Femoral Neck Fractures: Hemiarthroplasty and Total Hip Arthroplasty

Femoral Neck Fractures: Hemiarthroplasty and Total Hip Arthroplasty

Ross Leighton


Displaced femoral neck fractures in elderly patients with osteoporotic bone provide unique challenges in treatment. Controversy continues regarding the optimal method of treatment (1). In displaced femoral neck fractures, most studies support replacement of the femoral head in older patients (2, 3, 4 and 5). Numerous authors have documented high rates of osteonecrosis, fixation failure, and nonunion when these fractures have been treated with internal fixation (6). Economic analyses indicate that the cost of treating such complications is immense (7, 8, 9 and 10). A long-term follow-up study of patients treated with open reduction of the displaced femoral neck fracture, evaluated 13 years after fracture fixation, found that the functional outcome deteriorated even among patients with a healed fracture and no osteonecrosis (11).

In contrast, arthroplasty allows rapid, safe mobilization of the patient without concern about fixation failure or fracture union (2, 3 and 4,12). Replacement arthroplasty is routinely done in patients most at risk for complications after internal fixation. These patients include elderly patients with compromised bone quality and fracture comminution. Over the last 10 years, prospective randomized trials have demonstrated the superiority of arthroplasty compared with internal fixation in this group of patients over the age of 60. The indications for hemiarthroplasty versus a total hip replacement are less clear (4,13).

Despite substantial limitations, the Garden classification is probably the most frequently cited classification in North America. Garden I and II describe undisplaced fractures, while Garden III and IV are displaced femoral neck injuries. In the comprehensive AO/OTA classification scheme, femoral neck fractures are categorized as 31-B (Fig. 16.1A,B).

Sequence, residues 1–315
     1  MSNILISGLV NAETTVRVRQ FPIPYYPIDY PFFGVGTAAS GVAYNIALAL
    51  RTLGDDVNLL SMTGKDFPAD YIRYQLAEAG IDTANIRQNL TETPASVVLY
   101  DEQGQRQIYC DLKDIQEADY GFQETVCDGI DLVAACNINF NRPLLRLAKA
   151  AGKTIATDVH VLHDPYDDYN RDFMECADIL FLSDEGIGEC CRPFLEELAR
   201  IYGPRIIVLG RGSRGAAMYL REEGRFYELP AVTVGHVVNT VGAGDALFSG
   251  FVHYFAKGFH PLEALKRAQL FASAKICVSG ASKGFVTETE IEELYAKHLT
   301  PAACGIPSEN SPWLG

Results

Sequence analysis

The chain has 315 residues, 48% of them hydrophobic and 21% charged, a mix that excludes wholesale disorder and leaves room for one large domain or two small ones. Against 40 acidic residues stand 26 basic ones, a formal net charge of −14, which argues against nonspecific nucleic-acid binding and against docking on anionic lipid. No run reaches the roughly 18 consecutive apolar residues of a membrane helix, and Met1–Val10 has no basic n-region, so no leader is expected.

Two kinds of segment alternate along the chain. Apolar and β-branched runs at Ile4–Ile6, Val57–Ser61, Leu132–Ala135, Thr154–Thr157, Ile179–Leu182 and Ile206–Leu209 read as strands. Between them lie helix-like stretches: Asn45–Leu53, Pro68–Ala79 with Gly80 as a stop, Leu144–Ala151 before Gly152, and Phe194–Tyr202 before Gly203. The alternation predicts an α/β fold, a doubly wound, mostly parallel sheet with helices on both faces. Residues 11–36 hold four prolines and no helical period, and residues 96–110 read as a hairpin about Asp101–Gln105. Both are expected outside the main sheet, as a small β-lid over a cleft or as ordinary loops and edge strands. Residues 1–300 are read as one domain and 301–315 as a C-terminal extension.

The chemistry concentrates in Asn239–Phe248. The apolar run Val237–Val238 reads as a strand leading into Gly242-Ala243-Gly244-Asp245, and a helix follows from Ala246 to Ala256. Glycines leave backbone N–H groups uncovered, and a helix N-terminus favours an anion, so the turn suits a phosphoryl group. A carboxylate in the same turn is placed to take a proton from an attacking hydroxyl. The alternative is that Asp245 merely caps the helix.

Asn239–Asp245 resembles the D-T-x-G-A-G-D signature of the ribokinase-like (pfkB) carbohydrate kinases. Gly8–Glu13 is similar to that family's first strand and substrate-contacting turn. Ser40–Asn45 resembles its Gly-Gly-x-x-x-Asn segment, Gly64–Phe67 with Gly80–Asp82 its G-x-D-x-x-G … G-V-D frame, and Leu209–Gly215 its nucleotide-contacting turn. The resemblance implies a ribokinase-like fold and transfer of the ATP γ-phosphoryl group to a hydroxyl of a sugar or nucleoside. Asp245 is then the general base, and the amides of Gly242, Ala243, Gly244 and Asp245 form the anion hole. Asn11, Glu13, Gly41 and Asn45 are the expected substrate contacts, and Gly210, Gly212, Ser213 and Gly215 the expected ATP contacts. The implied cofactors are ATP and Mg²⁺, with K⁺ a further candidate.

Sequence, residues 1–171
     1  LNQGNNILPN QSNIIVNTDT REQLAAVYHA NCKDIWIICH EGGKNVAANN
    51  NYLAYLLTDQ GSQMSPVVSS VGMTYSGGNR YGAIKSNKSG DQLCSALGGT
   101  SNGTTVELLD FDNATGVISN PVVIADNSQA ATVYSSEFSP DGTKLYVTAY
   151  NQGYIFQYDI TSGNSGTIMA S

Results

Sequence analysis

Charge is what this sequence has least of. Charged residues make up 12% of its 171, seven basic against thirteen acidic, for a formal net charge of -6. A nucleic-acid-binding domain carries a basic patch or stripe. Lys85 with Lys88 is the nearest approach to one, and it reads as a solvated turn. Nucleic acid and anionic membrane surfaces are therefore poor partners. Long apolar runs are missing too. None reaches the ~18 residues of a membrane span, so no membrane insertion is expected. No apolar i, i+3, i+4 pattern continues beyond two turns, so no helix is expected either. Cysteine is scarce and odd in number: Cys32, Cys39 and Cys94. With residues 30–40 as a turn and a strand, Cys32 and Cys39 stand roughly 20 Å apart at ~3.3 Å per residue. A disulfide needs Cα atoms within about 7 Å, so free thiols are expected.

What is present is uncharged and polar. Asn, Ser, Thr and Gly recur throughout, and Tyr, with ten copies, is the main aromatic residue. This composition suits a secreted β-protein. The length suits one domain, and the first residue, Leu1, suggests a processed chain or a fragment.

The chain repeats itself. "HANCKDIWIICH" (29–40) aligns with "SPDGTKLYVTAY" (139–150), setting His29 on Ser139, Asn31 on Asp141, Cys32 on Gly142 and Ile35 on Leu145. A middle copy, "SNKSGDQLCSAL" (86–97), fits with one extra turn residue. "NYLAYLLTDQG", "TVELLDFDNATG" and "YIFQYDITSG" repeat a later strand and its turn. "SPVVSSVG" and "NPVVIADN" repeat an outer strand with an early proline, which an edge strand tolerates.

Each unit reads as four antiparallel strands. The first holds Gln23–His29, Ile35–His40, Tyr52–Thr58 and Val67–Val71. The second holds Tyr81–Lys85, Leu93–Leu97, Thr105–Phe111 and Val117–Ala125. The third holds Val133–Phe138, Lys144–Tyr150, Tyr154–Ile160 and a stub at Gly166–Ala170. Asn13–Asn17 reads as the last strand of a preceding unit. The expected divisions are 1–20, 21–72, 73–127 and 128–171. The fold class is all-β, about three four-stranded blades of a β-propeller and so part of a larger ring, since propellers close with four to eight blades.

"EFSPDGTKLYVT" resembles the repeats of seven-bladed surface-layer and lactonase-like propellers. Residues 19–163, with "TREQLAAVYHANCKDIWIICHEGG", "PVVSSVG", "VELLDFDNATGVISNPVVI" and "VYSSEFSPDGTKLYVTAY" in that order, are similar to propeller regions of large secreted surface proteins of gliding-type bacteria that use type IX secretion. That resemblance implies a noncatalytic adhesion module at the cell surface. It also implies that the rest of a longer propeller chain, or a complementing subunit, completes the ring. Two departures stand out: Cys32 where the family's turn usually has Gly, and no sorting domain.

Internal Fixation

Internal fixation remains the treatment of choice for the majority of femoral neck fractures in patients <60 years of age. In patients >60 years of age, internal fixation using cannulated screws is reserved for nondisplaced Garden I and II fractures. The details and techniques of internal fixation are covered in Chapter 15.

Bipolar or Modular Hemiarthroplasty

The bipolar or modular hemiarthroplasty is the most commonly used implants to treat displaced femoral neck fractures in the elderly. It can be used with a fixed head (unipolar) or bipolar head and provides a relatively easy conversion to a total hip arthroplasty (THA), if required in the future.

Strong indications for hemiarthroplasty are

  • Displaced femoral neck fracture in patients over 60 to 65 years of age without antecedent hip arthritis (Fig. 16.2).

  • Patients >60 years of age with minimally displaced femoral neck fractures but whose bone is too poor for internal fixation (Fig. 16.3).

  • Failed internal fixation without associated acetabular damage (Fig. 16.4).

Comparisons between cemented bipolar and unipolar hemiarthroplasty have shown similar outcomes in terms of dislocation rates, postoperative pain, and recovery of ambulatory status (14, 15 and 16). Fluoroscopic evaluation after 1 year has shown that many bipolar prostheses placed for fractures act as a unipolar implant.